The first inhabitants of Curacao were the Arawak Amerindians from Venezuela. Archeologists have found remnants of their settlements dating back to 950 AD.
In 1499 the Europeans arrived when the Spanish explorer Alonso de Ojeda led an expedition to the island.
The Spanish eventually decided that Curacao, as well as Aruba and Bonaire were without much value, so in 1515 they forcibly deported the natives to work as slaves in the copper mines on the island of Hispaniola.
In 1526, Juan de Ampies was appointed Spanish commander of the ABC Islands, Aruba, Bonaire and Curacao. He quickly brought back some of the original Caquetios Indian inhabitants to Bonaire and Curacao as laborers.
Most of Spanish occupiers left Curacao for South America (in search of gold) and Curacao was consequently attacked in 1633, then occupied in 1636 by the Dutch West India Company and used as military outpost and trade base; the same was true for the neighboring islands of Aruba and Bonaire.
The Dutch founded the capital of Willemstad, and its deep, natural harbor proved ideal for regional trade.
The Dutch then established the island as a center for the slave trade, and merchants brought slaves from Africa into Curacao where they were sold and shipped to various destinations in the Caribbean and South America.
That trade brought riches to Curacao; stylish colonial buildings were constructed and great plantations spread across the island.
Like other islands in the Caribbean, Curacao experienced its share of slave revolts, and a major one occurred here in 1795. After heavy fighting and hundreds of deaths, the Dutch crushed the rebellion.
During the late 18th century, and on through the 19th, the island changed hands among the British, French and Dutch several times. The Dutch regained control in 1815, and incorporated it into the Dutch colony of Curacao.
Across the Caribbean the British officially abolished slavery in 1834; the Dutch followed suit in 1863. The end of slavery caused economic hardship on Curacao, as many of the plantation slaves (to survive) left for other islands.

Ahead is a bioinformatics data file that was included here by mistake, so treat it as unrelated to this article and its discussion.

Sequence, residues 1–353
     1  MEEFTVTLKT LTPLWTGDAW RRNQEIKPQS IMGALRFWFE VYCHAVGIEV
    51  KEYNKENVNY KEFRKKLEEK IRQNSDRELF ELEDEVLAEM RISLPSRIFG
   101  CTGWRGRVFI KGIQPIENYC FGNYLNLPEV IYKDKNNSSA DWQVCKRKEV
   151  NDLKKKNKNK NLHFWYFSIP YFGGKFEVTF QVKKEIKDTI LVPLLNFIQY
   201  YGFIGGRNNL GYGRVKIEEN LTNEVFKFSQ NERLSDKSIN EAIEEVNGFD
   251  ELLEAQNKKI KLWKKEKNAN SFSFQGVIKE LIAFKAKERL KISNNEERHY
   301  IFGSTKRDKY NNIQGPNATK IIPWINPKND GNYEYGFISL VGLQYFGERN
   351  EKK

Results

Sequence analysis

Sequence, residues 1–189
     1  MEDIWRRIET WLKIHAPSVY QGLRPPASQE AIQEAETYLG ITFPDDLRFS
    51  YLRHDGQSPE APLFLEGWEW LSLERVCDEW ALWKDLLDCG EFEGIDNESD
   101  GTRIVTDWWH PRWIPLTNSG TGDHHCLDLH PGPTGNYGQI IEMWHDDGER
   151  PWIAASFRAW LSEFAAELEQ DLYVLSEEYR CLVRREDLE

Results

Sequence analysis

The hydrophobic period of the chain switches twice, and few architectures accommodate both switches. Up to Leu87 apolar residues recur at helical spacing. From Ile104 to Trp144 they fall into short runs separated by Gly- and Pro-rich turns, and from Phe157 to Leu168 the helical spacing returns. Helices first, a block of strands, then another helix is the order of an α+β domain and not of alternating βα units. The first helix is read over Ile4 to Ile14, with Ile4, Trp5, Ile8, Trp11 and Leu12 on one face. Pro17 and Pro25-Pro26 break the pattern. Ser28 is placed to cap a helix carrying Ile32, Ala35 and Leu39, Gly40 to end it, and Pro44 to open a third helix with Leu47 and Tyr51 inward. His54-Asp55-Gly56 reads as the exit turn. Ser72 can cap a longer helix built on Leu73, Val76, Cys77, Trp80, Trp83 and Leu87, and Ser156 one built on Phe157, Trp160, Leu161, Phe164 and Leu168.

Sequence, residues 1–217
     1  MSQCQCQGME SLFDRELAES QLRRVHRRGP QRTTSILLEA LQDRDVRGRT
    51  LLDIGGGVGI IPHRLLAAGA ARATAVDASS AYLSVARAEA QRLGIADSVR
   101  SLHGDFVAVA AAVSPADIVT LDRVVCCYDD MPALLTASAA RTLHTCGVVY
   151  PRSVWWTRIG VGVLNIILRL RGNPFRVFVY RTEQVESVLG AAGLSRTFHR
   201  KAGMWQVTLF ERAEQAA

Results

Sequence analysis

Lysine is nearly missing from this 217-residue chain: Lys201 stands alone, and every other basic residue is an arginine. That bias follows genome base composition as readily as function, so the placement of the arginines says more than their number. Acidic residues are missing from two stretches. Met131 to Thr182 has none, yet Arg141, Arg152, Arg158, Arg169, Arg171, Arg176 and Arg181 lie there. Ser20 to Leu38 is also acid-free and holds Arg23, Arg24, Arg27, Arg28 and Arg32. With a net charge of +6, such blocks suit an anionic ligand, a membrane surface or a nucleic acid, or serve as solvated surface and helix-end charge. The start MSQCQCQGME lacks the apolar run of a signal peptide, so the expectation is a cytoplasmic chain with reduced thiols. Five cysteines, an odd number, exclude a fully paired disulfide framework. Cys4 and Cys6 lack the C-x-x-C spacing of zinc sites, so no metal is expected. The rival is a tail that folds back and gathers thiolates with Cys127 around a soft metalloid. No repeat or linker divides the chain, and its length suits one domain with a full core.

African slaves that remained continued to work, but because of their so-called legal relationships with former slave masters, most were forced to give of the majority of their harvest, so in the end, slavery continued into the early 20th century.
In 1914, oil was discovered in nearby Venezuela, and because of Royal Dutch Shell's existing oil refinery on the island, and the abundant supply of labor, the economy of Curacao changed almost overnight.
New prosperity typically brings social unrest and Curacao was no exception. That unrest sparked a social movement that resulted in the local Afro-Caribbean population attaining more input in the operation of local government.
Dutch colonial rule ended after the conclusion of the Second World War as Queen Wilhelmina had promised in a 1942 speech to offer autonomy to the overseas territories of the Netherlands, including Curacao.
In May 1948, a new constitution for the Dutch overseas territories was crafted, allowing the largest amount of autonomy allowed under the Dutch constitution. Among others, universal suffrage was introduced, and the territory was renamed the "Netherlands Antilles."
In 1984, desiring more freedom and individual expression, the Island Council of Curacao inaugurated a new National Flag and the official anthem of the island.
On November 3, 2006, Curacao was finally granted autonomy by the Dutch government, however that status was first rejected, then finally accepted in 2007. Today Curacao is a constituent country of the Kingdom of the Netherlands.
In-the-know travelers return again and again to this wonderful island to chill-out on a perfect beach on a typically perfect day. They also come for the colorful Dutch colonial architecture, the rich history, local hospitality, shopping, water sports and wildlife.